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Assistantships Available

MS Assistantship in Darter Ecology and Conservation

Responsibilities: Work with advisor to design and conduct studies on habitat occupancy and suitability, demographic trends, life history, and population genetics of Candy Darter (Etheostoma osburni: Percidae) in Virginia. Assist advisor and other graduate students in ongoing field studies of stream-fish ecology and conservation. Conduct laboratory work, analyze data, write reports, and prepare scientific manuscripts related to the studies mentioned above. Complete relevant coursework and other requirements pursuant to an MS degree.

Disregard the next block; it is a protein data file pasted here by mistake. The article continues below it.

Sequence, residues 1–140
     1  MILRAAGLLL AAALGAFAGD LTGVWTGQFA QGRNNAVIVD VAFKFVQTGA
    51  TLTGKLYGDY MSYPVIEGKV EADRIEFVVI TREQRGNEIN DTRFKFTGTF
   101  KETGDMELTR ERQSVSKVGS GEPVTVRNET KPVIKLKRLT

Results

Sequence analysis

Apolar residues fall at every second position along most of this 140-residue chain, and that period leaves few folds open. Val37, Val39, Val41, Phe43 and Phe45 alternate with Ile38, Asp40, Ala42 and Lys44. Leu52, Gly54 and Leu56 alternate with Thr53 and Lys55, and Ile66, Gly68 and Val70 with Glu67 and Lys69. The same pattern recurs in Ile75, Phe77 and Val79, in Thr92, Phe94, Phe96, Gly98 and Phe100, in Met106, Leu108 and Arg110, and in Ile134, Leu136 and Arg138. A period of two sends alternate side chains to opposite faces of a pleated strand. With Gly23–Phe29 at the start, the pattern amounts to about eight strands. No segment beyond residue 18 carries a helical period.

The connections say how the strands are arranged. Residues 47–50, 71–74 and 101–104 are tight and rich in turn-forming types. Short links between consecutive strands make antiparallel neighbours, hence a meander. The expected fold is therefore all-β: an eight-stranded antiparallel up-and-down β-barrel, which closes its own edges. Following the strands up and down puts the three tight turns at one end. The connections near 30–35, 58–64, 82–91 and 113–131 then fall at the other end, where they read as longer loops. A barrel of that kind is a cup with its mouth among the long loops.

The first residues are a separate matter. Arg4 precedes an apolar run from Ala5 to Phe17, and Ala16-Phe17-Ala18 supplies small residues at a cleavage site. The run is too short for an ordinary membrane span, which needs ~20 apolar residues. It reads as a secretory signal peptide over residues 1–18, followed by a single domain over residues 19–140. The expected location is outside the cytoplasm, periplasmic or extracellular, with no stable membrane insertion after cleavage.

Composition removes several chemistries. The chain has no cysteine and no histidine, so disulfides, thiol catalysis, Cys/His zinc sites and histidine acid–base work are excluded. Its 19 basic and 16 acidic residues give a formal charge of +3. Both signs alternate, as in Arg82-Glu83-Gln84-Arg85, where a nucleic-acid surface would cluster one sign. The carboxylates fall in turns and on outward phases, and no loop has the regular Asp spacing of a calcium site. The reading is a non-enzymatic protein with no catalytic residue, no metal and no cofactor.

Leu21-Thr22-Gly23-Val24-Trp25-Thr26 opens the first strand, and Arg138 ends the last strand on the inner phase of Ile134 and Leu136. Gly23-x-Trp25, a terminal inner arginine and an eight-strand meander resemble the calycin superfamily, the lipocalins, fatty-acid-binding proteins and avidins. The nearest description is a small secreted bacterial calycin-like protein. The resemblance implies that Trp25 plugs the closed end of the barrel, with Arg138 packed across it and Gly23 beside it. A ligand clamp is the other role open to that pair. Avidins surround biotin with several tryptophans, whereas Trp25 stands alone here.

Qualifications: BS in ecology, conservation biology, fish and wildlife science, or related discipline; working knowledge of and field experience with streams, fishes, and their ecology; demonstrated ability to work independently and with a team; strong writing, speaking, and analytical skills. Genetics experience preferred.

Salary: $22,000 - 22,800/year plus tuition.

Starting date: May 2016.

Contact: Send letter of interest, curriculum vitae, GRE scores (unofficial okay), summary of relevant coursework and grades, and names of three references to: Paul Angermeier, Department of Fish and Wildlife Conservation, Virginia Tech, Blacksburg, VA 24061-0321; 540-231-4501; biota@vt.edu. Selected applicants will need to apply formally to the Virginia Tech Graduate School before acceptance.

Ph.D. Graduate Assistantship: Ecology of Bats Post-White-nose Syndrome from an Urban to Rural Gradient

Agency: Virginia Tech and the U.S. Geological Survey Virginia Cooperative Fish and Wildlife Research Unit

Location: Blacksburg, Virginia